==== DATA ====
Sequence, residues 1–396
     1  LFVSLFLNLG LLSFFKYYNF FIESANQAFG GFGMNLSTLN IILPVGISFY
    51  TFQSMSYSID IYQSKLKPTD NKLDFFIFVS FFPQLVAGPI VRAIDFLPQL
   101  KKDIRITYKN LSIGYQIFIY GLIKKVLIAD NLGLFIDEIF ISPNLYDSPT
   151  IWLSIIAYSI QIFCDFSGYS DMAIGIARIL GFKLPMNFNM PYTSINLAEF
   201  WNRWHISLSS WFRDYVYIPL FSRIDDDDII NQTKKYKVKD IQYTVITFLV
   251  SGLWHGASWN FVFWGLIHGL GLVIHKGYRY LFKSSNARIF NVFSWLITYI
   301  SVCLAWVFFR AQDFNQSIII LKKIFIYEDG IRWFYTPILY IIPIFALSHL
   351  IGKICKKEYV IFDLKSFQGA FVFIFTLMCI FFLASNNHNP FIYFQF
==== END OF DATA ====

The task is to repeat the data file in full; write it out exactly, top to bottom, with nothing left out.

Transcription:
Sequence, residues 1–396
     1  LFVSLFLNLG LLSFFKYYNF FIESANQAFG GFGMNLSTLN IILPVGISFY
    51  TFQSMSYSID IYQSKLKPTD NKLDFFIFVS FFPQLVAGPI VRAIDFLPQL
   101  KKDIRITYKN LSIGYQIFIY GLIKKVLIAD NLGLFIDEIF ISPNLYDSPT
   151  IWLSIIAYSI QIFCDFSGYS DMAIGIARIL GFKLPMNFNM PYTSINLAEF
   201  WNRWHISLSS WFRDYVYIPL FSRIDDDDII NQTKKYKVKD IQYTVITFLV
   251  SGLWHGASWN FVFWGLIHGL GLVIHKGYRY LFKSSNARIF NVFSWLITYI
   301  SVCLAWVFFR AQDFNQSIII LKKIFIYEDG IRWFYTPILY IIPIFALSHL
   351  IGKICKKEYV IFDLKSFQGA FVFIFTLMCI FFLASNNHNP FIYFQF